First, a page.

Three Industrial Revolutions En

Now is the time for local renewable energies, digital communications and sharing networks

In recent decades, the advent of affordable computing tools has eventually led to the emergence of the open-source software world, where collaboration and sharing are fundamental. In the same way, the arrival of digital manufacturing tools, and local production of energy at affordable prices, leads to the development of an Open Source Hardware world.

At the local energy production level using solar collectors, for example, the cost-to-capacity followed a constant decline in the past decades. Not as strong, but still similar to what we have experienced with computers3 . The "Fab Lab" initiative, a network of digitized, all-purpose, community-based manufacturing labs launched by the Massachusetts Institute of Technology (MIT) in the late 1990s, is one of the most accurate representations of what the TIR forecasts4 .

The end of our society’s hierarchical organization

However, our society’s hierarchical organization hampers the emergence of this new industrial revolution5 . On the one hand, a small group of people controls wealth and means of production, which they have gradually concentrated in large organizations. On the other hand, this process has fragmented our community by individualizing and disseminating citizens as workers and consumers. Social relations between members of our communities are virtually non-existent today.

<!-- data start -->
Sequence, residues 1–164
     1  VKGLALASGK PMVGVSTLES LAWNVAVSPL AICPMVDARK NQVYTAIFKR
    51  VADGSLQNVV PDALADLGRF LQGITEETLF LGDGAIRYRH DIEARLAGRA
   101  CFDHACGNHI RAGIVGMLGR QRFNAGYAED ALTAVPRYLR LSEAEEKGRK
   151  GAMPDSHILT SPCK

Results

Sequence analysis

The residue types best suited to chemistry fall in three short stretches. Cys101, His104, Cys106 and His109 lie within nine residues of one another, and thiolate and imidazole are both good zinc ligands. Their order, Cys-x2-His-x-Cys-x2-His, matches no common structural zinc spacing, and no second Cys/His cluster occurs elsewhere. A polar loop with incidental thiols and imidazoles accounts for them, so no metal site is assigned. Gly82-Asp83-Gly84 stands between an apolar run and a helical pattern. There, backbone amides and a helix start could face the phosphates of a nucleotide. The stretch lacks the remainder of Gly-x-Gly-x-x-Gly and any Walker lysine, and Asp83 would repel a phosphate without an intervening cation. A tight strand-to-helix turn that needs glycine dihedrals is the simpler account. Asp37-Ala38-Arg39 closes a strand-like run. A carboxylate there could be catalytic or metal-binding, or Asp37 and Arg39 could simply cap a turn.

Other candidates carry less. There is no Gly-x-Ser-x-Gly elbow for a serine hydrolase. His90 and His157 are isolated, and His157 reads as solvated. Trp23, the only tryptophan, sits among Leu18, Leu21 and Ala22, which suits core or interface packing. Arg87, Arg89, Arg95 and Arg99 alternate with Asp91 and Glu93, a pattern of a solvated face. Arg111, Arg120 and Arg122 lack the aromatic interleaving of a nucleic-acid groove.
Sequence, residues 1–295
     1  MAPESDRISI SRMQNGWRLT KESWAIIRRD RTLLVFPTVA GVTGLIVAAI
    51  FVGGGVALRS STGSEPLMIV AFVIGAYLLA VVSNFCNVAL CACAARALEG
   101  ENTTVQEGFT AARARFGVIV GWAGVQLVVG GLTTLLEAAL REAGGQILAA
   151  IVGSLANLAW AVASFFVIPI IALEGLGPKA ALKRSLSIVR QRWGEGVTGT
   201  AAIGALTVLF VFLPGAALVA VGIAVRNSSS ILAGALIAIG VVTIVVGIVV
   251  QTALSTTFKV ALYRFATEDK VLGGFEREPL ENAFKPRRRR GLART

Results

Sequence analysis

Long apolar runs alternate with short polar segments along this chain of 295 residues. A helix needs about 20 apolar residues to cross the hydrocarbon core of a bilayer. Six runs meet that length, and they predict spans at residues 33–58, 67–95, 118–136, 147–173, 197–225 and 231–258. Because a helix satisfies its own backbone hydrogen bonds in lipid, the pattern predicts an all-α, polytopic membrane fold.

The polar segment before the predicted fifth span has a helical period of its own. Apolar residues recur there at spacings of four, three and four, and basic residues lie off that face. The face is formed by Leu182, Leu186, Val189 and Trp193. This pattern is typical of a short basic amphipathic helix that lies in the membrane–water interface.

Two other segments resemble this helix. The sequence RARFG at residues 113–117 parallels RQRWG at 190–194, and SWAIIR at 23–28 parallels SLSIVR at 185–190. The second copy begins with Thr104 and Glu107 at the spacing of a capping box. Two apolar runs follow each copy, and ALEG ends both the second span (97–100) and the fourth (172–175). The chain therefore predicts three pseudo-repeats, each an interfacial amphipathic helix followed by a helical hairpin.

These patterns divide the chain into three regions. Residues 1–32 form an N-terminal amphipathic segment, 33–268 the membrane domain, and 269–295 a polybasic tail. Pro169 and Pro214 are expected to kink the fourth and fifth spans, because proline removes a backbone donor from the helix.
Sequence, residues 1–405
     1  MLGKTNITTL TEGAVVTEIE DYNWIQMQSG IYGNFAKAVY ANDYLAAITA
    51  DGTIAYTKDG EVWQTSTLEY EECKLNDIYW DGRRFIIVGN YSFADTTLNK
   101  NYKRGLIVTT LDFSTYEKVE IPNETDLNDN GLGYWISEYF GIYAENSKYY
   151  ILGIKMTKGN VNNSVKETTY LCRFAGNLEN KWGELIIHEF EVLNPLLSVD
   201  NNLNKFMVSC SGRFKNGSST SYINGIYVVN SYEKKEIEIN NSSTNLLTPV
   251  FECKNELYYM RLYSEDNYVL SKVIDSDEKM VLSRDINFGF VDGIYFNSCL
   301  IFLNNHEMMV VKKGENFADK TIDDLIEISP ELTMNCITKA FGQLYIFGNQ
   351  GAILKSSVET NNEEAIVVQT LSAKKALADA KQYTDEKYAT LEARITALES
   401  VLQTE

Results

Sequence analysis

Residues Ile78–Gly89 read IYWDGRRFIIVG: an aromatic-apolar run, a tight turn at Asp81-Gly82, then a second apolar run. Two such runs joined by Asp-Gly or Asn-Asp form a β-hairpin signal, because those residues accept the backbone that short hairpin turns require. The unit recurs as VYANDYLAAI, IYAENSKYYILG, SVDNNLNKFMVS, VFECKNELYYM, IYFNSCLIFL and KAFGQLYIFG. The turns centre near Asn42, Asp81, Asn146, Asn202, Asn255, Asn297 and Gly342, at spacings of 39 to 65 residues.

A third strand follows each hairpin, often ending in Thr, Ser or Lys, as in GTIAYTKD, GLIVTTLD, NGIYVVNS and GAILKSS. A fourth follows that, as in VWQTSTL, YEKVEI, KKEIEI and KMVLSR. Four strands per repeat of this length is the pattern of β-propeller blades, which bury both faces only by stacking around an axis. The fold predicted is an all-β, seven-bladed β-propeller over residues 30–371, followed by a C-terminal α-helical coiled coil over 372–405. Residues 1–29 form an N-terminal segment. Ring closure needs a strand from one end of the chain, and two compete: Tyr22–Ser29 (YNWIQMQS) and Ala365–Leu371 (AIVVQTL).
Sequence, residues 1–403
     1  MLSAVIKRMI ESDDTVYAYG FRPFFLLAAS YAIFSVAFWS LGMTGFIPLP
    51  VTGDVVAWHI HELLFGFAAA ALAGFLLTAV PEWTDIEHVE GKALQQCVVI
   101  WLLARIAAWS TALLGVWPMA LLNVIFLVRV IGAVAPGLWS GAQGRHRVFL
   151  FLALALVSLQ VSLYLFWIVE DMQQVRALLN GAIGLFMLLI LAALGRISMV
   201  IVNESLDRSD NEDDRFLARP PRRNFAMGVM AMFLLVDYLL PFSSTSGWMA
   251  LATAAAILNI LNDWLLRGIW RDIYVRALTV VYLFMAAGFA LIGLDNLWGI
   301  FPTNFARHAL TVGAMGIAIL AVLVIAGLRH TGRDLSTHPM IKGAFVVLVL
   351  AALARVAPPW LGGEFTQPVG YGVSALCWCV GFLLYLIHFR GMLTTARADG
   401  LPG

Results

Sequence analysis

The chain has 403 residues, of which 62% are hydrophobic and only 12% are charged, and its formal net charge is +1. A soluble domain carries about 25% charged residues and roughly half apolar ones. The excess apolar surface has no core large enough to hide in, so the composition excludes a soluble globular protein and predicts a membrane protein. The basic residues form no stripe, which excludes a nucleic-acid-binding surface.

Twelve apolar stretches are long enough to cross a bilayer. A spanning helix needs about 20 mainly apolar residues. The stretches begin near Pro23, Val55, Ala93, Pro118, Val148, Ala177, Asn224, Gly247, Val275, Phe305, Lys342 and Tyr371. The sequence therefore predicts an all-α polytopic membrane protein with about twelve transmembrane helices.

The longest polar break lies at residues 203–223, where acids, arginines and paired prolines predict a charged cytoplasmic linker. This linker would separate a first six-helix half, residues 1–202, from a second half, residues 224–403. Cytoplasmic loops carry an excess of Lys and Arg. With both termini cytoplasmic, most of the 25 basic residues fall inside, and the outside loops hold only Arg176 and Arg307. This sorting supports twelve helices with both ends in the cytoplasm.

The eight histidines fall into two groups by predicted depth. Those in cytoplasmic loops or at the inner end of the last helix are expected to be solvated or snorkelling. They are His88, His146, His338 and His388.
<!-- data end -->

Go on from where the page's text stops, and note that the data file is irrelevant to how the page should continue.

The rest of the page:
Large families’ networks

Instead, the digital revolution has to be able to count on a reliable network of access points. That will catalyze local energy generation and manufacturing resources for the benefit of small, interconnected groups of people. By focusing on healthy and united matrilocal extended families interaction, matriarchy will restore this community dynamic that promotes links between citizens. That will enable our countries to become the world leaders of this new industrial revolution.

References

1 « When there is no wide agreement, consensus-building involves adapting the proposal to bring in dissenters without losing those who accepted the initial proposal. »
Wikipedia:Consensus (visited June 28th 2018)